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What is an Investment Trust?

A simple explanation of how investment trusts operate in the UK

Christopher J. Traulsen, CFA 20 September, 2012 | 4:52PM Alanna Petroff

A fund is an investment vehicle that allows a large number of people to pool their money together in order to invest in a range of different securities such as stocks and bonds. In the UK, individuals can invest in different kinds of funds. There are two main fund categories: open-end funds and closed-end funds. Investment trusts fall under the the closed-end fund category. 

Buying & Selling Investment Trusts

Open-end funds can theoretically offer a limitless number of shares for investors to buy. These funds also stand ready to purchase back those shares when investors want to cash out. Investment trusts, on the other hand, are “closed-ended”. This means that they issue a fixed number of shares at their launch (much like the IPO of a newly public company), and then do not subsequently buy shares back or issue new shares, except in rare circumstances.

Investment trust shares trade on stock exchanges just like the shares of any other public company. Like stocks, investment trusts trade at different market prices throughout the day. (This is unlike open-end funds, which are priced once each day.) Investors also generally pay brokerage commissions to buy and sell investment trust shares, just as they would for the shares of any publicly traded company.

Unless you buy in on the investment trust IPO, any shares you purchase in an investment trust will usually be bought over an exchange, at the prevailing market price. Thus, rather than purchasing shares from or selling them back to the fund company, you are trading with other investors at a market price.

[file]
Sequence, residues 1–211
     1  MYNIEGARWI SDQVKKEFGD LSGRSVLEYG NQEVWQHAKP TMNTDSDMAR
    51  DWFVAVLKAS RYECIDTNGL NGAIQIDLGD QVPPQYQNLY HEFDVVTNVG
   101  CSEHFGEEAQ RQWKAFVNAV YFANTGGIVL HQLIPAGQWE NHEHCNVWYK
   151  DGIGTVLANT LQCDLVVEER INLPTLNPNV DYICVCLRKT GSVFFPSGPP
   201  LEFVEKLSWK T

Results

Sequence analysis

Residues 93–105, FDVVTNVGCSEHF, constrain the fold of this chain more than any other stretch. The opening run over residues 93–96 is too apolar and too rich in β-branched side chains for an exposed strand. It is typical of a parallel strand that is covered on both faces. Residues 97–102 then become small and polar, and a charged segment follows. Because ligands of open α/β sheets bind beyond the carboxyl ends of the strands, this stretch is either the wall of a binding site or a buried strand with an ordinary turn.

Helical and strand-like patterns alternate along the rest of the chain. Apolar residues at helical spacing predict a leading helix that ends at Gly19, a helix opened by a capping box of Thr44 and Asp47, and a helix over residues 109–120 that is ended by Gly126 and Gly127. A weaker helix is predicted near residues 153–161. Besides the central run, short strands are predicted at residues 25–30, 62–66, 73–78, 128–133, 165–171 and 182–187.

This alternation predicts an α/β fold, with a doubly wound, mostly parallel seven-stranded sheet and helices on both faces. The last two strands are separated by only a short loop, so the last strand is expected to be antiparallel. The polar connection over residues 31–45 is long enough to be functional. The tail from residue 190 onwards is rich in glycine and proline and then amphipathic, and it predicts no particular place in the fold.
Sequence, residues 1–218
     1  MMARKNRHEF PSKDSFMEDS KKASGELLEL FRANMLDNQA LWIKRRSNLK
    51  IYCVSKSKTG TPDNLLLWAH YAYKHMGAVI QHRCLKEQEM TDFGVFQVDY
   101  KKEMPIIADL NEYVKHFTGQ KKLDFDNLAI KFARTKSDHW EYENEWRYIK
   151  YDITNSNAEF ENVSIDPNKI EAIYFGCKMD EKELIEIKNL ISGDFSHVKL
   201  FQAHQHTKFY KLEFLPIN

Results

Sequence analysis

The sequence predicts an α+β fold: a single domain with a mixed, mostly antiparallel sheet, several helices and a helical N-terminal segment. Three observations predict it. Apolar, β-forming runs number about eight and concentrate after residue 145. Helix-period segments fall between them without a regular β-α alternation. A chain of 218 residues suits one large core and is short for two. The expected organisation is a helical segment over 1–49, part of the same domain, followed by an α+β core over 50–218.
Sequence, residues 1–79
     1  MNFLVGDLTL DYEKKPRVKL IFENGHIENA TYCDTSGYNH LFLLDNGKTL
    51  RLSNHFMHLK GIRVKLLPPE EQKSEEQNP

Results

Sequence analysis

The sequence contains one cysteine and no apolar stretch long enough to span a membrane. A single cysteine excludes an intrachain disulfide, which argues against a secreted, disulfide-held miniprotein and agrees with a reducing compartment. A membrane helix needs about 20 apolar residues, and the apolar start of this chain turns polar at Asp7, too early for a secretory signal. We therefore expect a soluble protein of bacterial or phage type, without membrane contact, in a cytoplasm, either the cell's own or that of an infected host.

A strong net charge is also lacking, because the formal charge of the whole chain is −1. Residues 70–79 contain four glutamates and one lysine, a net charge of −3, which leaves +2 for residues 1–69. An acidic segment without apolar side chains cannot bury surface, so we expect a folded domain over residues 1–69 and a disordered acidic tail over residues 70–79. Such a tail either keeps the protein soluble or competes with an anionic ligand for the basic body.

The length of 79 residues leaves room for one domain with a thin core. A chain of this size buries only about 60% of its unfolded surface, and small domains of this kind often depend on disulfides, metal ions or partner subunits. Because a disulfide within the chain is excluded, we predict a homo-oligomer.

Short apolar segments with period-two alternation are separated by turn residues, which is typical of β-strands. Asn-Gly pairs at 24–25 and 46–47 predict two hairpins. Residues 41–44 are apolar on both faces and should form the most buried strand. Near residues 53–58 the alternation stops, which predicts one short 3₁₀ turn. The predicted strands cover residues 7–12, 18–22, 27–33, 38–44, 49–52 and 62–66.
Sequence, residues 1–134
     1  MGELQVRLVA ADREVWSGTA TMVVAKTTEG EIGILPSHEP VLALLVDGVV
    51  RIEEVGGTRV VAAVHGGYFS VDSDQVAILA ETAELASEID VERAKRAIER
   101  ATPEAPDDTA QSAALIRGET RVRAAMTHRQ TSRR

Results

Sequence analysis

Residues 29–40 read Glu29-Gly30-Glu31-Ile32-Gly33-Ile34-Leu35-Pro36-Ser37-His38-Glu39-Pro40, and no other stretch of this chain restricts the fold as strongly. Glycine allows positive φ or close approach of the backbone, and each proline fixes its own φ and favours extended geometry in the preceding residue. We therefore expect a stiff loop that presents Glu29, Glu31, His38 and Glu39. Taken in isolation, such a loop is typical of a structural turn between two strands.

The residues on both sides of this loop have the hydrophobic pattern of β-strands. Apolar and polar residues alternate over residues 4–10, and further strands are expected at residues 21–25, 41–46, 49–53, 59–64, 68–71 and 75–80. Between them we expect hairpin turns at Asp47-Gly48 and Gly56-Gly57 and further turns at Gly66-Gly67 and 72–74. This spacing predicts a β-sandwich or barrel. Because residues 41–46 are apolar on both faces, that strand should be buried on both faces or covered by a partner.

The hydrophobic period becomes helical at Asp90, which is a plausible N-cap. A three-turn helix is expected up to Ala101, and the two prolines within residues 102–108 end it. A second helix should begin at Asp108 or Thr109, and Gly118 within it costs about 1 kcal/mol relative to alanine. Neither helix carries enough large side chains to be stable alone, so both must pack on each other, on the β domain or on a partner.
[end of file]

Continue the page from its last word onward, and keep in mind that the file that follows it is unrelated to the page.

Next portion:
With traditional open-end funds, you can be assured that the price you pay or receive when you buy into a fund is directly linked to the fund’s net asset value (NAV). Closed-end funds operate differently.

With an investment trust, the market price should reflect the NAV, but is ultimately based on the forces of supply and demand prevailing in the market for the trust’s shares. If demand for an investment trust is high, shares may trade at a premium to their NAV. If demand for an investment trust is low, shares may trade at a discount to their NAV. Many investment trusts trade at discounts to the value of their underlying assets.

From the asset manager’s perspective, investment trusts are attractive because they give the management company the ability to earn management fees on a stable pool of capital until the trust is wound up. (Remember, if shareholders sell, they sell to other investors, while the original invested money stays inside the fund.) The format also lends itself to investments in less liquid markets and securities as the investment trust manager will not be forced to trade based on inflows or outflows of cash.

Investment Trusts and Gearing 

Investment trusts have also traditionally been differentiated from their open-end peers by their ability to borrow money, or “gear” their portfolios. Open-end funds, on the other hand, have restrictions on gearing.

Gearing increases a fund’s upside potential but also considerably magnifies its downside risk. Take for example, an investment trust with £100 million in assets that borrows an additional £100 million, then invests the entire sum (£200 million) in the equity market. A 50% return on that £200 million investment would equal £100 million. Once the trust repays its loan, it is left with £200 million (its original £100 million, plus the £100 million it earned on its investments). That’s a 100% return, which seems highly desirable. But on the flip side a 50% loss on that same £200 million would equate to a £100 million loss. The fund’s entire capital base would be wiped out, and investors in this example would be left with nothing.

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About Author Christopher J. Traulsen, CFA

Christopher J. Traulsen, CFA  is director of fund research, Europe and Asia, Morningstar.